How it Works
Implanon is thin plastic rod about one-and-a-half inches long that is placed under the skin of a woman’s upper, inner arm. It prevents pregnancy for up to three years. The implant contains the hormone progestin (etonogestrel), which works to prevent pregnancy in three ways. First, it prevents ovulation (the release of an egg from one of the ovaries). Implanon also causes the cervical mucus to thicken, blocking sperm from reaching and fertilizing the egg. Lastly, the implant prevents the uterine lining from thickening, making it less hospitable to implantation.
Hormonal contraceptives are only to be utilized as a form of birth control and do not protect against the transmission of HIV (AIDS) or other sexually transmitted infections (STIs).
How to Use
Your healthcare provider will numb an area on the upper inside part of your arm. Implanon is then inserted under the skin. The procedure only takes a few minutes, and the implant remains effective for three years. After three years, or earlier if you no longer require birth control, Implanon should be removed. At the time of removal, your health care provider will once again numb the area and will make one small cut to remove the implant. If further birth control is needed, a new implant may be inserted at this time.
Implanon has been shown to prevent pregnancy in over 99% of situations when it is the only birth control method utilized and when Implanon is used exactly as directed. It is effective for three years.
Implanon costs between $400 and $800. It is more money up front than any other hormonal birth control, but the monthly average over three years makes the implant cheaper than other options.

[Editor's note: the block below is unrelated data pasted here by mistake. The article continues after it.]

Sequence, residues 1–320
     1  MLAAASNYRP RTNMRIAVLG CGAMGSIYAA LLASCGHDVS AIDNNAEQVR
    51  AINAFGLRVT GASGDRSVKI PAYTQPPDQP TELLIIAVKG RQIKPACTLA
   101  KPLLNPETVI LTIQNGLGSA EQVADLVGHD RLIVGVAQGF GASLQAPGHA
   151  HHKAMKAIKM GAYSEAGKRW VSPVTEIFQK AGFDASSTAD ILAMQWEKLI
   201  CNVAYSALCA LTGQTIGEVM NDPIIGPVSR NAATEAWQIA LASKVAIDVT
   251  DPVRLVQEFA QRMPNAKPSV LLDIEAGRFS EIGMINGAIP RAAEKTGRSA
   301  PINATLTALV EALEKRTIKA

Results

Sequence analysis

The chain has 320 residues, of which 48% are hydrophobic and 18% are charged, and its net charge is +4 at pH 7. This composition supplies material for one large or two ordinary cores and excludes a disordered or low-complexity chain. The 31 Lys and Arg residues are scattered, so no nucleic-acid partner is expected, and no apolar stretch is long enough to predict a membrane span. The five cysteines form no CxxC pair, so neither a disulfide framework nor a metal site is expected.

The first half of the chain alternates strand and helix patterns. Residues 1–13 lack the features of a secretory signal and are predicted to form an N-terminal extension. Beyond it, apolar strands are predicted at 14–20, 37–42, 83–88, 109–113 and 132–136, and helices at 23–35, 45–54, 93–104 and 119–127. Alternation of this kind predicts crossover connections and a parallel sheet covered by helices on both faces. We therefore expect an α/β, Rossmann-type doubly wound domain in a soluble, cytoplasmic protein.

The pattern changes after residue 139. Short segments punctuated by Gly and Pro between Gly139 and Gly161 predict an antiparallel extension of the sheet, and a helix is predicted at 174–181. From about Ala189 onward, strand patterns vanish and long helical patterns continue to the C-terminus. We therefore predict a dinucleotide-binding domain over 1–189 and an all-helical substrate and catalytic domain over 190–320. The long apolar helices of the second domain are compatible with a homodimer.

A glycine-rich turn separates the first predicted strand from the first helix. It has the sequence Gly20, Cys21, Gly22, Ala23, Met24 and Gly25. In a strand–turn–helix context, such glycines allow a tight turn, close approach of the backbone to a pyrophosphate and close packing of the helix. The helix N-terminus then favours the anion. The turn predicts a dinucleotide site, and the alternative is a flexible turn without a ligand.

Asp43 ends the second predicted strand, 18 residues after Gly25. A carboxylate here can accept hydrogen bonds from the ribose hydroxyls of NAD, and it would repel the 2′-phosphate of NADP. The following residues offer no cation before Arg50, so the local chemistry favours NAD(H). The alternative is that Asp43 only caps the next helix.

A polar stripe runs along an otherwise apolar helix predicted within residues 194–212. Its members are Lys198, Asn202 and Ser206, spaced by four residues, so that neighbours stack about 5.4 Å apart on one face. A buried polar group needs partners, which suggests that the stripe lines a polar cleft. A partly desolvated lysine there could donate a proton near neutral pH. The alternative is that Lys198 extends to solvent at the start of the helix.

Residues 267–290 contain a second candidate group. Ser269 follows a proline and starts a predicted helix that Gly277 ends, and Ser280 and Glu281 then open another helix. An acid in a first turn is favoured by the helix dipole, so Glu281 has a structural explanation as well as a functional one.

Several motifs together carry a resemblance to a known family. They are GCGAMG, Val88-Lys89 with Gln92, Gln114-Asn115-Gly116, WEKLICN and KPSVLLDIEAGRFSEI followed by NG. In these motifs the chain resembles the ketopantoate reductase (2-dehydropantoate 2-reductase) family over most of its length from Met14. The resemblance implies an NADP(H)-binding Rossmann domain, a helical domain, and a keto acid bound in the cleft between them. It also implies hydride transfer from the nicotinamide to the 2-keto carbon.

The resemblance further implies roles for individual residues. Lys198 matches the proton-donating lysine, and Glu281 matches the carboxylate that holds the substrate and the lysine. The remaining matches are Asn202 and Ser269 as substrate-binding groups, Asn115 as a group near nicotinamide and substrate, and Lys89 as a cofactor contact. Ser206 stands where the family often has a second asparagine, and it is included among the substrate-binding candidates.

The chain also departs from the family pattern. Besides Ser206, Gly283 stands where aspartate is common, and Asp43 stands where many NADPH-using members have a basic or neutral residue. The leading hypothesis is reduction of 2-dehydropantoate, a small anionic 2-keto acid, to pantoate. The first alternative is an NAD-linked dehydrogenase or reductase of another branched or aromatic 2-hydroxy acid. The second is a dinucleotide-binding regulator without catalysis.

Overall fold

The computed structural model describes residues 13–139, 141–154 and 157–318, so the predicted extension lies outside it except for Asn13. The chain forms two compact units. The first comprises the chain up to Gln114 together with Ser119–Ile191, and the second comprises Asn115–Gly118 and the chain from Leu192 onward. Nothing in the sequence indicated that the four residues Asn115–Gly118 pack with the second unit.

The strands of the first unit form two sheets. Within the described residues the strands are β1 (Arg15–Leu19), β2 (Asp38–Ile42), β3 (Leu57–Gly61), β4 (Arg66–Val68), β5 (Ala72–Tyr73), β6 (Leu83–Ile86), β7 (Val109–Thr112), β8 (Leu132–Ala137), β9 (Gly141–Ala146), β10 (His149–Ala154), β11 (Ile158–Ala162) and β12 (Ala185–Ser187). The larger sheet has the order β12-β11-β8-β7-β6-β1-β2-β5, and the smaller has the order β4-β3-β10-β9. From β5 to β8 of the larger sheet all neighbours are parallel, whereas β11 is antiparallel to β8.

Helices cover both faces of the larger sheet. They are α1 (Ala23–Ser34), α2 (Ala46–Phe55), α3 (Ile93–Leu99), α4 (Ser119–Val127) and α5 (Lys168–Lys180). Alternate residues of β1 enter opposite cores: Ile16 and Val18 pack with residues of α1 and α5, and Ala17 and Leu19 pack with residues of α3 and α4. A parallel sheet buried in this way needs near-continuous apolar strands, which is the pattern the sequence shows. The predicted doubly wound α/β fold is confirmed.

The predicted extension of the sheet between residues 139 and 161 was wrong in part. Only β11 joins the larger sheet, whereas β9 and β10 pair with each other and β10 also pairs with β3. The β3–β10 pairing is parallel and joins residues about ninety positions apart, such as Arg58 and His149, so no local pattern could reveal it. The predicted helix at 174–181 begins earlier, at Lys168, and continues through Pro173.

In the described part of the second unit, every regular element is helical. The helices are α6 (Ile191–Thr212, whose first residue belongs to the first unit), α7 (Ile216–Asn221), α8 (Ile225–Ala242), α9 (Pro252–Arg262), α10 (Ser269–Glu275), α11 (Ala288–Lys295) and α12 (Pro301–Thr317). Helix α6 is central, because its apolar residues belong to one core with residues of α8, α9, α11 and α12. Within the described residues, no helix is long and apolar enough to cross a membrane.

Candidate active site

- Implanon can be an effective method of birth control when used as specified. The most evident advantage is the long-term birth control it provides. Of all the hormonal birth control methods, the Implant is effective the second longest (Mirena lasts up to five years), offering continuous pregnancy prevention with no hassle for three years.
- Many consider the Implant to be compatible with breastfeeding, because it does not utilize estrogen and only small amounts of the progestin pass through the breast milk. Progestin is also not shown to have adverse effects on a baby’s health, weight gain or development. Talk to your healthcare provider about when is the best time to have the implant placed post-childbirth.
- Unlike many other hormone-based birth controls, Implanon contains no estrogen and may not cause the typical side effects associated with the other methods, such as breast tenderness and nausea.
- Most women using Implanon experience changes to their menstrual cycle such as lighter or fewer periods. After the first year, one in three women who use the Implant stops having a period entirely.
Less than four percent of women may have implant site complications.
Etonogestrel, the progestin component of the Implant, is the active breakdown product, or metabolite, of desogestrel. Desogestrel is a third-generation progestin, which some studies have shown to increase the risk of venous thromboembolic events (blood clots in the legs and/or the lungs).
All hormonal birth control methods, including Implanon, can increase your risk of blood clots, stroke and heart attack, especially for women who smoke and/or are older than 35. Women who are taking oral contraceptives should not smoke.
Possible side effects include
- Pain at insertion site
- Changes in menstruation such as longer, heavier periods or spotting between periods
- Mild Nausea, bloating, stomach cramps, back pain
- Dizziness or tired feeling
- Hair loss
- Vaginal itching or discharge
- Changes in weight or appetite
- Viral infections (colds, sinus infections, flu-like symptoms, etc)